I will be starting up a new lab at the University of Pennsylvania in July 2019.
I am a post doc in Bob Stickgold's lab at Beth Israel Deaconess Medical Center / Harvard Medical School. I am interested in how we learn and represent information in our environment, especially structured information with temporal or semantic relationships that require integration over time. My research has explored the initial stages of acquiring such information as well as the offline consolidation processes that shape initial memory representations for longer term storage and use. I have found in fMRI experiments and in a patient case study that the hippocampus is involved in the rapid learning of novel temporal regularities. These findings are, on the surface, difficult to reconcile with the idea that the hippocampus specializes in memorizing the specifics of individual experiences, keeping related episodes separate to avoid interference. I have shown using a neural network model of the hippocampus, however, that these functions may coexist in separate anatomical pathways within the hippocampus. In my work on memory consolidation, I have found that sleep and offline replay benefit new semantic memories, with a particular focus on weaker memories -- those most in need of further processing. I am now developing a neural network model of learning and hippocampal-cortical interactions during sleep.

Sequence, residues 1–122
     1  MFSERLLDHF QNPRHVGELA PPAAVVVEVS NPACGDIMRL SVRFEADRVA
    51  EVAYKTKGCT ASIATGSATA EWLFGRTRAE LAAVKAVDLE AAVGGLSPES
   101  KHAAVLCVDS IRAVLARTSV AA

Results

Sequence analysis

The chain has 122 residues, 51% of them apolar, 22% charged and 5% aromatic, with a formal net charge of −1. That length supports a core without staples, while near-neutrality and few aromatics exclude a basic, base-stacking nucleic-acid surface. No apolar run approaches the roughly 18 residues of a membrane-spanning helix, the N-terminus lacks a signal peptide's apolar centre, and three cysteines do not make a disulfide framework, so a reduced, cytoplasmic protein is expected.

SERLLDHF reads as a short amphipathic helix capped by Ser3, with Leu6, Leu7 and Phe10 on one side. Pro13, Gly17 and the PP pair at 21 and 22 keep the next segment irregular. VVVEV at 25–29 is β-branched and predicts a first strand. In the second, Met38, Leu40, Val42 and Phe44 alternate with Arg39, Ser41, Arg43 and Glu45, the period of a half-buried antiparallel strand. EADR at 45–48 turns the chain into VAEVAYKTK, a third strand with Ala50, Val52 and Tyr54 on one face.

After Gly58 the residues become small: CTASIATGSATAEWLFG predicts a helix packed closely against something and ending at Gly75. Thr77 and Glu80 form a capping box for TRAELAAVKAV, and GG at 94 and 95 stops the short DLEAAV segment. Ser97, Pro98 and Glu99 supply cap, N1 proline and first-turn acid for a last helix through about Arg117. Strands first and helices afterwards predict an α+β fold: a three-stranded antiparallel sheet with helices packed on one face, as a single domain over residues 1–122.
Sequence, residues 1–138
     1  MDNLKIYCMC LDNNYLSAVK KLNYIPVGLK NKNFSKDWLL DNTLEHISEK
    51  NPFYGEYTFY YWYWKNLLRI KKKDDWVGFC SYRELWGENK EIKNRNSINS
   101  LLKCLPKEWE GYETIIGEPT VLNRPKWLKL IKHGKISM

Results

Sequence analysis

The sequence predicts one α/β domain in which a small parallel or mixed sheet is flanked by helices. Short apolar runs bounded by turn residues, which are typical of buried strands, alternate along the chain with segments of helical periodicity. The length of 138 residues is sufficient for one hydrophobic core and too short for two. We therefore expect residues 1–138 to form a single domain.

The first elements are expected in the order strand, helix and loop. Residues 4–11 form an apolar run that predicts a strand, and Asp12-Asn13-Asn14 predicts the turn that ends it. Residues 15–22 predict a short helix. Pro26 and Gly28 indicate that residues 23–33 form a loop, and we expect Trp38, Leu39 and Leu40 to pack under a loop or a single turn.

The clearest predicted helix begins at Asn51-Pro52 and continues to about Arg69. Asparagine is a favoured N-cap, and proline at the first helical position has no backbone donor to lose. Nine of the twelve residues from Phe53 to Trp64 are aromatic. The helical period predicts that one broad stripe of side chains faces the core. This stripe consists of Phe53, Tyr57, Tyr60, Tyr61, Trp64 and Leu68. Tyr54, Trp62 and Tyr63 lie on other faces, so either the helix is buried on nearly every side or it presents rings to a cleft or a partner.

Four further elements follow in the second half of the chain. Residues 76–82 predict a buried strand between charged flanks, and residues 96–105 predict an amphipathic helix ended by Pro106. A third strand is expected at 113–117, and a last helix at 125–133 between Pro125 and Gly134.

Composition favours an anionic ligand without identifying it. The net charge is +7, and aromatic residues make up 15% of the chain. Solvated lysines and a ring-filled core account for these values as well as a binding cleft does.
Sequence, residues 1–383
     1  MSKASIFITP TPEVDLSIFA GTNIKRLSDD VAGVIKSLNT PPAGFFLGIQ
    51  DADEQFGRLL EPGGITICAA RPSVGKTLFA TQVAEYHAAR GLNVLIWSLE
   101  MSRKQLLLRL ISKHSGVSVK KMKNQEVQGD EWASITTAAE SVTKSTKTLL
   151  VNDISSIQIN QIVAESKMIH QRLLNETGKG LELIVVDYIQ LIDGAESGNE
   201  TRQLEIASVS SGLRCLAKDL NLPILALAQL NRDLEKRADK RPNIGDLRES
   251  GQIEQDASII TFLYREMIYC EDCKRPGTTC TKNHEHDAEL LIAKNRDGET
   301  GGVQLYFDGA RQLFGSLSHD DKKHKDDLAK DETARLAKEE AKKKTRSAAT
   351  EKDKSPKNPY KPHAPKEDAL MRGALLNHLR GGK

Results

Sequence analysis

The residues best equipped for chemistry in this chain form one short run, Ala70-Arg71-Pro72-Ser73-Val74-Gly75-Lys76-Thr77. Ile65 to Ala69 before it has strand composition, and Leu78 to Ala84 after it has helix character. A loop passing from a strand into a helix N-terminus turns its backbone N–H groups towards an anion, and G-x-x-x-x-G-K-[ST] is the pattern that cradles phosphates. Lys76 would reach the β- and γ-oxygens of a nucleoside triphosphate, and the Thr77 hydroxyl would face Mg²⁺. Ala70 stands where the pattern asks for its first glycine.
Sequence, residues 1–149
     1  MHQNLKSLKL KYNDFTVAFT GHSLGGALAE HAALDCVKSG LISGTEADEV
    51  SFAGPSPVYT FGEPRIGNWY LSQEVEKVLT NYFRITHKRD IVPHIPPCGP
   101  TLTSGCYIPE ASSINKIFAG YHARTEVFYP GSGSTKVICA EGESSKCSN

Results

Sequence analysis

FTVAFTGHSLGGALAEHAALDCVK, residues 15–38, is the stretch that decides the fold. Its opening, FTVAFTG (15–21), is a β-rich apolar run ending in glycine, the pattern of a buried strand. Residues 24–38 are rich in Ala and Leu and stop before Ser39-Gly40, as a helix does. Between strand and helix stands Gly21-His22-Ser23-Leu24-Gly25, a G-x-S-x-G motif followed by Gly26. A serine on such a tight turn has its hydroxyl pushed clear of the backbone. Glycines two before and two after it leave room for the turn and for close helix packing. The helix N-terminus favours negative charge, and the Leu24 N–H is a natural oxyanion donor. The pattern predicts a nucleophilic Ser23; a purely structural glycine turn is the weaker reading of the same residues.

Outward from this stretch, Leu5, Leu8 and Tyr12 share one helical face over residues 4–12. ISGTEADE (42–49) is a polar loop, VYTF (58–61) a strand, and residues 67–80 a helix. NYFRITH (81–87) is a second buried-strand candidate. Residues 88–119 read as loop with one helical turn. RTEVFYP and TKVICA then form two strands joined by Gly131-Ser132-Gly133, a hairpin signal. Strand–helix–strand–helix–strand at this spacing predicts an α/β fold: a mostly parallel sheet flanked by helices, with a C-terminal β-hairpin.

I was a grad student at Princeton with Ken Norman, Matt Botvinick, and Nick Turk-Browne, and worked with Jay McClelland as an undergrad at Stanford.